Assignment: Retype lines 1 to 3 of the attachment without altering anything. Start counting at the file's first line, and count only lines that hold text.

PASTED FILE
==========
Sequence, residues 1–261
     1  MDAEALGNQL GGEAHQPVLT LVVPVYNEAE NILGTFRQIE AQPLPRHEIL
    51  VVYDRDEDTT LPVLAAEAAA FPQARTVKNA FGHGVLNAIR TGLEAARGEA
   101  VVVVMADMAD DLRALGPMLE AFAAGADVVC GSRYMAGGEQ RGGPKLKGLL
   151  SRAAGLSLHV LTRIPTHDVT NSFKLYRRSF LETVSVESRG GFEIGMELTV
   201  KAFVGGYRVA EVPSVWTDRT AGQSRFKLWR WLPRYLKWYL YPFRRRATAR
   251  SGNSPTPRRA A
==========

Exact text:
Sequence, residues 1–261
     1  MDAEALGNQL GGEAHQPVLT LVVPVYNEAE NILGTFRQIE AQPLPRHEIL
    51  VVYDRDEDTT LPVLAAEAAA FPQARTVKNA FGHGVLNAIR TGLEAARGEA